blackbirdonline journalSpring 2012  Vol. 11  No. 1
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A Conversation with Brian Bouldrey and John Bresland

     I can think of no better way to take on the problems of being alive right now than to write
     this way,with a pen in one hand and a lens in the other.
          —John Bresland, “On the Origin of the Video Essay"

     If I seem to hasten childhood’s end, do not think me perverted or cruel, think of me as
     a dark heart, its chambers as bloody as the one from which all children are brought, and
     just as life affirming.
          —Brian Bouldrey, “Hook.”

still of resting dog from "Hook"

M.A. Keller: Brian and John, what was the genesis of the video essay “Hook”—which appears in our Gallery in this issue of Blackbird—how did the two of you come together to collaborate? And once the project was underway, can you explain the roles each of you played in the making? For instance, did Brian do any shooting or video editing? On this piece, did John have a hand in the narrative text? Was there a division of “writing with the pen” and “writing with the lens?”

John Bresland: I teach at the same university as Bouldrey. We work in the same building. One day he came into my office with a fully formed idea for a video essay about children’s literature and that was that. I’m pretty sure I never would have, and probably never could have, taken on the subject alone. That’s probably the most tangible benefit of collaboration, being able to draw from someone else’s intellectual arsenal.

We certainly could have
adapted Brian’s original text,
but we opted instead
for creative destruction.

Brian wrote pretty much the entire essay before shooting began, then added a few things—notably, the Bouldreyized terms like “hung jury” and “Dick Butkus”—as the project began to take visual form. With Brian doing all the writing, it only seemed fair that I do the shooting. I wouldn’t describe shooting as easier than writing, exactly, but it’s a lot more fun, so I think I got the better deal.

Brian Bouldrey: It’s absolutely true that my idea was “fully formed.” However, I knew John’s work prior to this and knew I could trust him to change my mind, and even change my meanings. There is an old B. Kliban cartoon in which a chart shows the human figure seemingly at rest, but in fact, all of his “anti-jump” muscles are flexed. This seems a metaphor for collaboration. I wrote a script, and once John and I went through it and he helped me understand that a video essay can err on the side of “too textual,” I was thrilled to learn how less can be more. I’m a novelist at heart. Imagine how that lesson can change a writer.  

For years, I have talked to my students about the beautiful possibilities of collaboration. Universities are always encouraging collaborations between faculty and students or across departments, but rarely do they bless actual proposals with time or funds for such. And really, what models do we have? Pop stars asked to pitch in by singing “We Are the World” were asked to “Check Your Ego at the Door.” I don’t think we had to check our egos, so much as discover how many ways there are to enter into the creative process.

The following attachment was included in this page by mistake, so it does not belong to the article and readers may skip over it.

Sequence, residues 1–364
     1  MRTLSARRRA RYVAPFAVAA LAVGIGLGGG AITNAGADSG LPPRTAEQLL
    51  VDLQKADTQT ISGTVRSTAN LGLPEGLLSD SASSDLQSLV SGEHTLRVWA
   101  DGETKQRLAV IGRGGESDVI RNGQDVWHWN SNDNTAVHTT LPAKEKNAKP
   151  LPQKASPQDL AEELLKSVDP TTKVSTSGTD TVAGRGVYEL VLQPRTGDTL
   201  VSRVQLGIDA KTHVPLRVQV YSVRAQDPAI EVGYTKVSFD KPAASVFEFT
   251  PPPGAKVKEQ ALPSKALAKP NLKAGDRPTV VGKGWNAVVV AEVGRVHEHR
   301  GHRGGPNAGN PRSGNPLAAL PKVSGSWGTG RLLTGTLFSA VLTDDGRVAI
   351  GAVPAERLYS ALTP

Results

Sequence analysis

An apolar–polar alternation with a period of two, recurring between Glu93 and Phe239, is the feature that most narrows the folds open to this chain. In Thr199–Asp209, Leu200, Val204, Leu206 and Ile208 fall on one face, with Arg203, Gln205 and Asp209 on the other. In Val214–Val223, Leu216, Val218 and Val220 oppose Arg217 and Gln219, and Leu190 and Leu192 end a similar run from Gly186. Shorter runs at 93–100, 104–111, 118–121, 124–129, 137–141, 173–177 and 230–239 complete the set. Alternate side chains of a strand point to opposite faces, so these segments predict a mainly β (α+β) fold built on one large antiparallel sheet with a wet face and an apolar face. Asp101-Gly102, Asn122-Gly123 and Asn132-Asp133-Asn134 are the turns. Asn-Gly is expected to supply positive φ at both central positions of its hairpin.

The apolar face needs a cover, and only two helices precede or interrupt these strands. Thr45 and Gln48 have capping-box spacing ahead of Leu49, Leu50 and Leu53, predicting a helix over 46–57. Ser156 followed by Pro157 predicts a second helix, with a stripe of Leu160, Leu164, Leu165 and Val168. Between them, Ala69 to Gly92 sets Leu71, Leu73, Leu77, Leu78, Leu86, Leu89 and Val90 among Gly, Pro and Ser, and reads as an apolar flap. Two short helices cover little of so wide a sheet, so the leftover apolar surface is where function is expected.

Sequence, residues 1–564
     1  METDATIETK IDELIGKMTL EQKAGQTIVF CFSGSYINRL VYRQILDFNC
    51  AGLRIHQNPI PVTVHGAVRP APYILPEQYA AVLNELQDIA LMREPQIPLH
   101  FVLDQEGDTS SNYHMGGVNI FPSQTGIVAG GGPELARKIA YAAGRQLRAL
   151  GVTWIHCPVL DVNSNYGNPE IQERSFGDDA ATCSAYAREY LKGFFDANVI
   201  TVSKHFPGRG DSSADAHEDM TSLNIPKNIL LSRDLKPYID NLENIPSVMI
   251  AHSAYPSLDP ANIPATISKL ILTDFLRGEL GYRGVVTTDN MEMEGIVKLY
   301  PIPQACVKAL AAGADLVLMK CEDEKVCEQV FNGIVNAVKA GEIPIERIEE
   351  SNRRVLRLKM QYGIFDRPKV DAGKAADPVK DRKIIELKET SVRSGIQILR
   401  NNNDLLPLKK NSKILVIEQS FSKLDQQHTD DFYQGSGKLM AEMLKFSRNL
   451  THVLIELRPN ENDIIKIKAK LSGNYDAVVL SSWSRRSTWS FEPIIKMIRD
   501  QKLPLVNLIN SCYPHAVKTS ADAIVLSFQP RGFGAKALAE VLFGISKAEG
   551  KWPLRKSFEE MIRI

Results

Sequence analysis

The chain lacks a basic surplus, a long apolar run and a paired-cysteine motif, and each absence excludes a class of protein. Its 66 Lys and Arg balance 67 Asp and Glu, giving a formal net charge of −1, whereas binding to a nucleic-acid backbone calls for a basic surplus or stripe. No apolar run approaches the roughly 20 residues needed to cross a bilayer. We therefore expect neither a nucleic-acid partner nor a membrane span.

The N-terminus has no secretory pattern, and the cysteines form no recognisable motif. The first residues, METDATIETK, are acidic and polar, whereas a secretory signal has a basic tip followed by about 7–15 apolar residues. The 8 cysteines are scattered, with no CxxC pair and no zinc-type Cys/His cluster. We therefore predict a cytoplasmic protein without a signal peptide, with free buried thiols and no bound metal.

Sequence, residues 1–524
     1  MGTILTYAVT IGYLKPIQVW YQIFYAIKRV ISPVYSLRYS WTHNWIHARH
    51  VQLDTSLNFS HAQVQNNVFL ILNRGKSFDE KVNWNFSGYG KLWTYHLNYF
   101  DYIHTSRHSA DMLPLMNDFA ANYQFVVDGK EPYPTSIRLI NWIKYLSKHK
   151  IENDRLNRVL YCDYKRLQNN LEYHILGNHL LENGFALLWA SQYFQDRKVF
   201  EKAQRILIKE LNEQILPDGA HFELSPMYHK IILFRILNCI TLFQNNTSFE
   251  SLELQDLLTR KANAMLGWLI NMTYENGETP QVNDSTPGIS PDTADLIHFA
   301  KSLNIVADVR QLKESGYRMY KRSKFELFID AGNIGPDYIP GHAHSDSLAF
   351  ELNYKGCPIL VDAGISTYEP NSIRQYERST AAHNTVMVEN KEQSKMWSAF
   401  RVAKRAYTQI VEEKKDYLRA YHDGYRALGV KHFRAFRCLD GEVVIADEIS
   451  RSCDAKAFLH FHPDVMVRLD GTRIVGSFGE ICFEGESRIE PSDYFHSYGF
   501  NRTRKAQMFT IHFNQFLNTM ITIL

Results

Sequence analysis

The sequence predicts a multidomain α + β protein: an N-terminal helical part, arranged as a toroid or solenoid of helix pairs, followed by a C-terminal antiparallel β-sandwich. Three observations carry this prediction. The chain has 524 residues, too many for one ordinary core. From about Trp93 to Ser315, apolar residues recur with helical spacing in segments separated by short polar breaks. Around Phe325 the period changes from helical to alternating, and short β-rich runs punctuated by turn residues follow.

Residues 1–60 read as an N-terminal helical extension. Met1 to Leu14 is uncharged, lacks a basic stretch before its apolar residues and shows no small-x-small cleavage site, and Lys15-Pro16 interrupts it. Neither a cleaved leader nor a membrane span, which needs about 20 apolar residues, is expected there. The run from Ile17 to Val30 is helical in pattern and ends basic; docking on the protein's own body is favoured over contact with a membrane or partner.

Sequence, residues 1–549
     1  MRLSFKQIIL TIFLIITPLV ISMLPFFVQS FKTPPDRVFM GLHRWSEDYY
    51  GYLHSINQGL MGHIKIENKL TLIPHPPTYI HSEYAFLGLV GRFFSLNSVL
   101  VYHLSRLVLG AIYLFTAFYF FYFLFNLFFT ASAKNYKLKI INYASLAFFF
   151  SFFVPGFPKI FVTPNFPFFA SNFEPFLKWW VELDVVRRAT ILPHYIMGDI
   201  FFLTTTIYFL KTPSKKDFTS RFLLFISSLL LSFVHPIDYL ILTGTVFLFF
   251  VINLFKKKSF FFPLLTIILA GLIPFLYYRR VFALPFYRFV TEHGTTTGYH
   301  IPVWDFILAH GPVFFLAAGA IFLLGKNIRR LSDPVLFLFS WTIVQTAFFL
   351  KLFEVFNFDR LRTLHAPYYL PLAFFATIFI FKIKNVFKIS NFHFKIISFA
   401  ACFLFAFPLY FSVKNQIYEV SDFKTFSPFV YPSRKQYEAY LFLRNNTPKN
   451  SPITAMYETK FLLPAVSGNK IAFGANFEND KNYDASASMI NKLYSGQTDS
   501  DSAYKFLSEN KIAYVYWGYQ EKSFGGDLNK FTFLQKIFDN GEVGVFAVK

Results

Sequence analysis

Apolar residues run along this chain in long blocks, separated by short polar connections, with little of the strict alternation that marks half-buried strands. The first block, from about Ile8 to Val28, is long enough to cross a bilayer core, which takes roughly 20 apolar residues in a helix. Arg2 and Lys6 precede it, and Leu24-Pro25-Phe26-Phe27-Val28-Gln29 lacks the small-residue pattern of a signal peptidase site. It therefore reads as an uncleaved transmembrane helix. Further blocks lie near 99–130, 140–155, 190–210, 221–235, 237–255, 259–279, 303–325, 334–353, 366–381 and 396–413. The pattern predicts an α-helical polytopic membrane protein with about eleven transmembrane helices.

This is a vast generalization from somebody outside the field of film, but I have been impressed, even daunted, by the creative process of filmmakers, especially documentary filmmakers, who must shoot a lot of footage and leave more on the cutting room floor than what finally appears on the screen—like a sculptor who must find the shape in the stone. My writing process, of course, requires that I cut and winnow, but I tend to revise by expansion rather than cutting.

That’s where John had the strongest influence on the narrative text—there was a point late in the game where we had made so many discoveries of what was hidden in the essay that I was writing new material. John did not say, “No, we can’t have that,” but he showed me that it wasn’t going to work in the end. His gentle but clear working methods were a revelation to me.

John’s a perfectionist, but not a megalomaniacal perfectionist.

still of menacing black dog from "Hook"

JB: I think, by the way, this division of labor could have been a disaster. Just about everything I shot exerted some kind of pressure on Brian’s text. Sometimes the visual sits neatly beneath the word, as it does during the long shot of the moon while Brian relays the anecdote about his misadventure in the park. But usually, Brian’s original tone—and his intent—is subverted by the image, or distorted.

His opening line, “I like to be the guy who introduces kids to dogs,” sits pretty innocuously on the page. The slavering dog image, though, and the ominous drone, exaggerate the line, give it a bizarre comic menace. Brian was generous to allow me so much freedom with his text.

We certainly could have adapted his original text, but we opted instead for creative destruction.